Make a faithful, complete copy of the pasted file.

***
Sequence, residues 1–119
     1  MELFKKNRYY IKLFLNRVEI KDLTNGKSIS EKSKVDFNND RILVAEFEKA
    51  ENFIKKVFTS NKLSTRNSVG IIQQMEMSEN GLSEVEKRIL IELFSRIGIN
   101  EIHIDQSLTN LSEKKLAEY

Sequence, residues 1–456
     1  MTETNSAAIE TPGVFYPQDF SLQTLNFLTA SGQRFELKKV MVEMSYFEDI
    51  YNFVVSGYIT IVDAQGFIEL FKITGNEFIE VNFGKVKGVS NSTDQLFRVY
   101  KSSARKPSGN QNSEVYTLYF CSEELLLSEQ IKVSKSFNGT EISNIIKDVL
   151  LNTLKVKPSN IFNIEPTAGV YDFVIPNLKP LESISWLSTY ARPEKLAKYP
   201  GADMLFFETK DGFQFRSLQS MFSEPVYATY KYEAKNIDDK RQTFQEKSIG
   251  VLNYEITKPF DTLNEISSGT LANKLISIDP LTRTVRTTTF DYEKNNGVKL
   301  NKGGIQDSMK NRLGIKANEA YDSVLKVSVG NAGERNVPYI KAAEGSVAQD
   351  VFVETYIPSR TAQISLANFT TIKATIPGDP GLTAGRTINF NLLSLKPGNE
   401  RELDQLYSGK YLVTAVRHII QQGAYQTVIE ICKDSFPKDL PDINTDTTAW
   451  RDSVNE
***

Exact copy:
Sequence, residues 1–119
     1  MELFKKNRYY IKLFLNRVEI KDLTNGKSIS EKSKVDFNND RILVAEFEKA
    51  ENFIKKVFTS NKLSTRNSVG IIQQMEMSEN GLSEVEKRIL IELFSRIGIN
   101  EIHIDQSLTN LSEKKLAEY

Sequence, residues 1–456
     1  MTETNSAAIE TPGVFYPQDF SLQTLNFLTA SGQRFELKKV MVEMSYFEDI
    51  YNFVVSGYIT IVDAQGFIEL FKITGNEFIE VNFGKVKGVS NSTDQLFRVY
   101  KSSARKPSGN QNSEVYTLYF CSEELLLSEQ IKVSKSFNGT EISNIIKDVL
   151  LNTLKVKPSN IFNIEPTAGV YDFVIPNLKP LESISWLSTY ARPEKLAKYP
   201  GADMLFFETK DGFQFRSLQS MFSEPVYATY KYEAKNIDDK RQTFQEKSIG
   251  VLNYEITKPF DTLNEISSGT LANKLISIDP LTRTVRTTTF DYEKNNGVKL
   301  NKGGIQDSMK NRLGIKANEA YDSVLKVSVG NAGERNVPYI KAAEGSVAQD
   351  VFVETYIPSR TAQISLANFT TIKATIPGDP GLTAGRTINF NLLSLKPGNE
   401  RELDQLYSGK YLVTAVRHII QQGAYQTVIE ICKDSFPKDL PDINTDTTAW
   451  RDSVNE